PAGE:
As the back and forth on Jan. 23 between parents and Hackett became contentious, School Committee Chair Tom Hopcroft implored speakers to give the superintendent a chance to answer the questions as “the temperature in the room [was] going up.  I know it’s a passionate issue; many of us up here and down there all care about this issue [and] the quality of our students but we can’t work the problem if we’re getting into an adversarial back-and-forth.”

Both Hopcroft and Hackett let parents know a meeting has been planned for Feb. 13 for a more in-depth discussion on the literacy curriculum.

“We really do hear you and we read everything that you send in, and we appreciate it,” Hopcroft told parents. “We hear you and we can feel the frustration.”

On Jan. 26, Hackett released a statement addressing the literacy issue within the community. In the letter, Hackett said “classroom literacy instruction includes the essential components of reading” as well as the writing process. Teachers dedicate time to the entire classroom as well as small group instruction based on student needs.

Additionally, the district employs more than 15 specialists across the five elementary schools who “support classroom teachers and provide interventions for students who need more support.”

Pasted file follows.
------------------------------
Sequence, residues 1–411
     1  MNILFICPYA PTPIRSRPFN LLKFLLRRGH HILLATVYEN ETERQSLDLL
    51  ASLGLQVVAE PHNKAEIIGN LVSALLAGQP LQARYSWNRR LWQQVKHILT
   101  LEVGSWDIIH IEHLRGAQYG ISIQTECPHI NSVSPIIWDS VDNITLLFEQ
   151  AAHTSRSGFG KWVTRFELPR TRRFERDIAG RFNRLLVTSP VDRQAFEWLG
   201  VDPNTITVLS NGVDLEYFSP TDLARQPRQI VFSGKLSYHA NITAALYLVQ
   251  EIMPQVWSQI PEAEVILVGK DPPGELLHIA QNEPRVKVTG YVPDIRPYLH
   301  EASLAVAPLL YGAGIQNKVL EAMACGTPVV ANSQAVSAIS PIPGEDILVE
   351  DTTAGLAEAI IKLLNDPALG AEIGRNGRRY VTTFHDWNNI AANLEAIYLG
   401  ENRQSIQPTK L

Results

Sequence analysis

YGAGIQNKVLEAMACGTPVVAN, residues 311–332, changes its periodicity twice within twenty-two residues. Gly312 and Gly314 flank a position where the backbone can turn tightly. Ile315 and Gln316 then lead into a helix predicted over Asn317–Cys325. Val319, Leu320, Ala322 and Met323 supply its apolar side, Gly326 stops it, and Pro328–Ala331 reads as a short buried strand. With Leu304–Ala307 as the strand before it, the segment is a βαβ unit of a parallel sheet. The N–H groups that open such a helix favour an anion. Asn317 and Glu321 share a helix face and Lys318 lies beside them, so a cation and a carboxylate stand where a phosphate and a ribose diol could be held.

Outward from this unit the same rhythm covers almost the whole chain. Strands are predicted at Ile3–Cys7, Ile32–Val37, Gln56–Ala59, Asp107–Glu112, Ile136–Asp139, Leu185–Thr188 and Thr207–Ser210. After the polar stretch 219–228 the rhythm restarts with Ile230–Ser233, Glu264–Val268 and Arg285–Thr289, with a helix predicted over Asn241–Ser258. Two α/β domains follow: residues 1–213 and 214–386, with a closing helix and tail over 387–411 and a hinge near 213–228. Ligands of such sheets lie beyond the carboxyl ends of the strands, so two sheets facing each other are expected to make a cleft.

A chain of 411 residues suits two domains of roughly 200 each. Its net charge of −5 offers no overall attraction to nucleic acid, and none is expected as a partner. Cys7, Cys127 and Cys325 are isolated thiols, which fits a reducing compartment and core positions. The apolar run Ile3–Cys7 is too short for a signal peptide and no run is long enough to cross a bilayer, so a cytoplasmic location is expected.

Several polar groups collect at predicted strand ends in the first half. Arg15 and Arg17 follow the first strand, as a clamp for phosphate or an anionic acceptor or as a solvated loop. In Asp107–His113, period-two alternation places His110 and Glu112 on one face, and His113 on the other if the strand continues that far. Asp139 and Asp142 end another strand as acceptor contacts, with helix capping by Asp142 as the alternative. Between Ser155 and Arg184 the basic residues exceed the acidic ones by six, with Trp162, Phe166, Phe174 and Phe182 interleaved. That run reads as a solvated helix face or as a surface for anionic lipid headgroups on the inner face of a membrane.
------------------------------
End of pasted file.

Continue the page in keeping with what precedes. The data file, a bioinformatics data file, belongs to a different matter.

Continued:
The letter goes on to address a plan for a communitywide discussion and timeline for collecting data from anyone and everyone invested in making changes in the curriculum.

Hackett said based on the feedback he’s received from educators and parents and other stakeholders, he’s been giving this topic a lot of thought.

“It’s always been part of the plan that we have a plan,” he said. “On the 23rd, we talked about how we would work on bringing people together.”

But what would that look like? Hackett said he’s been working through the process in order to bring people together.

“I felt it was important to get that message out at the end of last week,” he said, of the letter. “This is the first step. This, in part, is based on the feedback I’ve gotten from parents and staff.”

He added he’s spoken to people who are uncomfortable speaking about the literacy issue in public. He said some residents are looking for a “safe space” that’s not at a public meeting.

“This is the first step,” Hackett said. “No one has a predetermined outcome other than to get the conversation going.”

Literacy on the state level

While Winchester officials hope to bring all the stakeholders together to work through concerns, state officials are also addressing the issue.